1. #1
    Forum Member

    Join Date
    Jan 2014

    Default AD Military to Firefighter

    I am 24 y/o, and on my last few months of active duty air force, DOS Feb2015 with an Aircraft structural maintenance background. I have no lead on classes toward a fire tech degree or experience as a firefighter; however I will be starting classes for my EMT cert. in a few weeks. I have plans to move into the L.A, CA area (near Burbank).
    since my separation date exceeds the start of spring semester classes, My plans are to apply for Early Sep from the AF to be able to attend spring semester at Glendale CC to fulfill the Fire & Emergency Tech 1 Prerequisites required by El Camino community college fire academy, which is a 10 Week (m-f) or 16 week part time (T- TH & S) course. Glendale CC does offer a fire academy but for a whole year Tuesday and Thursday nights and all day Saturday and Sundays, which to be honest isn’t a route I’d really like to go.

    Separating from the military is overwhelming, because its all i know since leaving home after highschool, definitely looking to be set on the right path to becoming a firefighter. Any advice will certainly help.
    Last edited by k_cabanas; 08-07-2014 at 01:29 PM.

  2. #2
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    FWDbuff's Avatar
    Join Date
    Jul 2003


    Many who are not aware of prerequisites have the common misconception that a "Firefighter I" certification from XYZ College will be acceptable in all municipalities. While it may be accepted in Location A, it may not be accepted in Location B or C.

    **YOU NEED TO RESEARCH AND UNDERSTAND** the hiring requirements for EACH municipality where you would like to apply. Many candidates apply to multiple locations. Know what they want- because if you get that degree from XYZ college they may not accept it and guess what- you just blew all that time and effort.

    Secondly: Many municipalities may not even have hiring requirements (more common on the east coast.) Simply stated- you are hired and then are run through THEIR fire academy or training program. So again, you get that degree and the apply to Location E, and they tell you "hey this degree is nice and all but we don't require it and you have to go through our school regardless......." how high would your blood pressure go?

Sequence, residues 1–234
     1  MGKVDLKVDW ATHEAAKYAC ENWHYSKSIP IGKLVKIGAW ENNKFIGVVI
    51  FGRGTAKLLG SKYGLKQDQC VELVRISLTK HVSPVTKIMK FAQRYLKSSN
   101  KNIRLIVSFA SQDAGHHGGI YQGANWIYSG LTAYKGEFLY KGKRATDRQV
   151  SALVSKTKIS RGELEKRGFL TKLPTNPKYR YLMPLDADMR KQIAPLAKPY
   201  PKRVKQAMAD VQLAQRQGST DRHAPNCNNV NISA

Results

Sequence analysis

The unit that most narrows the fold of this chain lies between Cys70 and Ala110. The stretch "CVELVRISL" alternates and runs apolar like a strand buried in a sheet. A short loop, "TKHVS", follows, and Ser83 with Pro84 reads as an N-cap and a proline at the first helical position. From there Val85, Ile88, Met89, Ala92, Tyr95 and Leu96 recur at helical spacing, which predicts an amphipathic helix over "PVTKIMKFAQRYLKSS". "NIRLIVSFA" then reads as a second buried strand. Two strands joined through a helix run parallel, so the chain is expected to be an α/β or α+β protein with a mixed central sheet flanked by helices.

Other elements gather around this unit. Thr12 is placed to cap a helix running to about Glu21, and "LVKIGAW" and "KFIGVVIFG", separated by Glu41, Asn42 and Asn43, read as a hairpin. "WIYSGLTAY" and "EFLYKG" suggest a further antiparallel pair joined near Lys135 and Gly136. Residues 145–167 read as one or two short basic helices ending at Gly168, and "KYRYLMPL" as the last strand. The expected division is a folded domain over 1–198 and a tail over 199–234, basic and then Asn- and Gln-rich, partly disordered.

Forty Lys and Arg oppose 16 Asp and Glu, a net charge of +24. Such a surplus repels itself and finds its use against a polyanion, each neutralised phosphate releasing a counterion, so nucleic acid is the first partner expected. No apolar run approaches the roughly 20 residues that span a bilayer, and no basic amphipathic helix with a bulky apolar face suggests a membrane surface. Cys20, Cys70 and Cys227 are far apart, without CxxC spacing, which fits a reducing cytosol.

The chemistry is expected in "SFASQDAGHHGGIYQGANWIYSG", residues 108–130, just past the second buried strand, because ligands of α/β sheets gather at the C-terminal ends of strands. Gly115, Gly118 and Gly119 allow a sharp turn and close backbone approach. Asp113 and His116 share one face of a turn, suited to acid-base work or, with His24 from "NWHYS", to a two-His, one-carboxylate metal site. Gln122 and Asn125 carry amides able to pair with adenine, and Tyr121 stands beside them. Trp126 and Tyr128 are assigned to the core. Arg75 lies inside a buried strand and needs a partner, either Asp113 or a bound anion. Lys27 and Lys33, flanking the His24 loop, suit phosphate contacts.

Sounds like you are on the right track. Remember study the requirements/prerequisites and choose your program accordingly.
    "Loyalty Above all Else. Except Honor."

  3. #3
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    Join Date
    Nov 2009


    what fwd said, find out what a city required to apply and get it.

    Calif. is very very very competative , so the best adive in any state is to test everywhere and often!!!!

    if you have to commute to a job for awhile do it, till you decide whether to move or test for other depts.

    You will do alright on the outside in the free world, the problem with a FD job is it can take awhile to get hired, getting certs, going thorugh all the testing, etc, so have a plan B!!!

    Good luck been there you will make it in the free world

  4. #4
    Forum Member

    Join Date
    Nov 2009


    check out LA may be a whoile bvefore they test again , and a few other cities they have their own acadmey they put you through after getting hired, if it is not to late and can get out to test.

    You can go to dept/ hr web sites and some will take a job interest card, and let you know when they are taking apps.

    also, there is suppose to be a good web site for calif job annoucments, but I do not have it.

  5. #5
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    Drax's Avatar
    Join Date
    Feb 2014


    I would take every class, certification, and training opportunity you can/can afford. You will likely have to retake fire academy again, but in all honestly, not a big deal. Example: It's like going through rigorous training (like basic training) so that you know you're physically fit and can pass a pre entrance physical without any problems, and then actually having to go through basic training again when you land the job.

    Which at that point, you just got the dream job, do you really care if you have to go through basic unnecessarily making your skills EVEN better? I wouldn't worry about it. You're not going to be paying for it the second time around and you'll likely be on salary. Besides, you'll be able to get on with a volly department and actually be a firefighter while waiting to be get hired as a career firefighter. Sounds like a win to me.

    I would, also, start testing every where. Look at cities and locations you'd like to work, check out their requirements to get hired, then start getting those requirements so that you can apply. You're not going to land your first interview, or your second anyway, but it'll get you in motion and give you the understanding of the process that you need in order to be hired. I also recommend calling stations and asking to do ride alongs.

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